WordPress Selling Links — But Using AdBrite Solves Search Engine Concerns

Average CPC & Selling Ad Space from Aaron Wall over at SEO Book looks at how WordPress is now selling text links on its home page for $10,000 per day via AdBrite. What! Isn’t selling links bad, and didn’t WordPress get busted for doing something like this before? Short answer — this isn’t going to cause any Google or search engine problems like WordPress had before. The long answer is below.

First, the WordPress history. Back in March, WordPress got banned on Google briefly for hosting search spam. WordPress directed people to the spam via hidden links, but paid links weren’t an issue. More details on everything is here: WordPress Caught Spamming After Enlisting To Fight Spam.

Next, the issue of paid links. The most recent round of whether selling links is bad got kicked off when O’Reilly was found to be carrying off-topic links on some of its sites. The links, many acknowledge, were purchased more to try and gain favor in search engine results than by getting direct clickthrough traffic. O’Reilly In Debate Over Link Selling gives you more details about all that.

The nofollow attribute was raised as an issue in link selling. Some feel that sites selling links should add nofollow to those links, to help ensure they don’t skew search results. Google’s Matt Cutts is one proponent of that solution. Google’s Matt Cutts On Link Selling: Sites Might Not Pass Reputation; Buyers Might Get Targeted More explains more.

Others don’t think link selling, even if done for search ranking purposes, should necessarily be considered bad. Our SEW Forums thread Matt Cutts Comments On Reputable Sites & Link Selling explores some of the debate of this. See also Paid Links Shouldn’t Count? What Exactly Is Paid?.

So whether selling paid links for search ranking purposes is a “bad” thing depends on your own personal views. But fair to say, Google in particular is continuing to send out signals that it doesn’t like link selling for this purpose, just as it did from way back with the SearchKing case in 2002.

The main difference since SearchKing is that Google advocates (in the form of spam fighter Matt Cutts) using nofollow as a way for a site owner to effectively say, “I mean you no harm.” That brings us back to WordPress.

Skip the issue of whether WordPress is worth $10,000 per day (Aaron says whoa! Nick says no!). Isn’t selling links going to land WordPress back in hot water, unless nofollow is used? I’d say yes, unless the search ranking benefits it gives through linking are broken in some other way. AdBrite seems to do this by redirecting links through its own servers.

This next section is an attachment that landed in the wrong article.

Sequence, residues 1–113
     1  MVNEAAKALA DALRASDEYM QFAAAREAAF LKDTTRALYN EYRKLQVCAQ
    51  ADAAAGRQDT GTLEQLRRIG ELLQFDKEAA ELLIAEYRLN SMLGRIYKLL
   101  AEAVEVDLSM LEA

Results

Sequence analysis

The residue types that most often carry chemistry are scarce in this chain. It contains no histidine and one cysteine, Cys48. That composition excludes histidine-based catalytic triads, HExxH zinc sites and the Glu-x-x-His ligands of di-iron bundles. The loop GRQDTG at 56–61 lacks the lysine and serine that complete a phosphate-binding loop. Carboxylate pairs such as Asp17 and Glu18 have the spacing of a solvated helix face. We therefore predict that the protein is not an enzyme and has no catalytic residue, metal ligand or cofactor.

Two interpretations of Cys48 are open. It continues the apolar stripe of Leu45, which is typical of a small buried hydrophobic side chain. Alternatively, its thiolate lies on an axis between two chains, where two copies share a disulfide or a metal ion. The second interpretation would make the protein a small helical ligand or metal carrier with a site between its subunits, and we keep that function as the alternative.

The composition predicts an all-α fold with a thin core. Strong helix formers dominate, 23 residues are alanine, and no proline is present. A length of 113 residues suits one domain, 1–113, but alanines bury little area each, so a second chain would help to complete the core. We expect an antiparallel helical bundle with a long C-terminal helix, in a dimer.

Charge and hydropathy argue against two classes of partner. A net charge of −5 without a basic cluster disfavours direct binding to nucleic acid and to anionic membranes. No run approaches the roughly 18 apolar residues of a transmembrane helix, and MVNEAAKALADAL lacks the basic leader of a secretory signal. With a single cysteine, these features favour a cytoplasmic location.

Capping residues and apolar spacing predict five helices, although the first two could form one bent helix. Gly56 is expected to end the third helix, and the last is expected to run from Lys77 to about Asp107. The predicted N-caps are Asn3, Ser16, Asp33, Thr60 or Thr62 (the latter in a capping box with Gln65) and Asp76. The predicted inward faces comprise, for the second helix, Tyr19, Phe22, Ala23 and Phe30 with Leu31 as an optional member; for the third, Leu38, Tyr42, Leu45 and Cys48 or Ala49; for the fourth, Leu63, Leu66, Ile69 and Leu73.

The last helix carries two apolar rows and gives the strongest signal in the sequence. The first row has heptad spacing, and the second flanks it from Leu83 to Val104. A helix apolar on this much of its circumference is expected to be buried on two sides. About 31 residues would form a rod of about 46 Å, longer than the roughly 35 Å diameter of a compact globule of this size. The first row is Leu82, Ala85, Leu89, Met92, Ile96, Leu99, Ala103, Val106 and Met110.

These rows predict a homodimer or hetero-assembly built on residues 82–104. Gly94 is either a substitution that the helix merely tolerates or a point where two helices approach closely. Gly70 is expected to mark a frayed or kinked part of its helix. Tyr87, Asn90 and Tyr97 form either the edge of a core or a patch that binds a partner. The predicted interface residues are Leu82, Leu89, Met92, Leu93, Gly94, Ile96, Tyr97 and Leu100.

Of course, redirecting doesn’t always work to wreck link love or be a link condom in the way of nofollow. For example, see this search on MSN Search. The second link is from this Yahoo Directory category that links to the site. MSN Search is picking up the Yahoo Directory listing as a backlink despite redirection.

Google has done the same as MSN Search in the past, though a quick check today on a few sites were NOT showing redirected links from Yahoo as getting credit in Google. Google doesn’t show all the links it knows about, so perhaps it is suppressing things — or perhaps credit is no longer being given.

FYI, when redirection will break link love and when it doesn’t seems to be a puzzle and may be down to what the individual search engines allow. I checked with David Naylor, one of our forum moderators who knows a thing or two about backlinks getting credit. That was his take. I may try to follow up with the individual search engines for an update later.

As for AdBrite, I checked a few paid links and didn’t see any backlink data showing, so I’d say the redirection is working OK as a link love blocker. I checked with Jen over at JenSense who knows all things contextual, and she hadn’t heard of anyone discussing AdBrite links as a way to improve search rankings. And Brad over in our SEW Forums noted recently that he sells through AdBrite and “nothing transmits PR and I don’t want it too.”

So conclusion? AdBrite seems a safe way for WordPress (or anyone) to make some money and not get back in hot water. Assuming someone stumps up the money, let’s not have any pitchforks grabbed and thrust WordPress’s way as somehow screwing with search results. Or Google’s way — given that AdBrite is backed by Sequoia Capital, which helped fund Google and has general partner Michael Moritz sitting on Google’s board.

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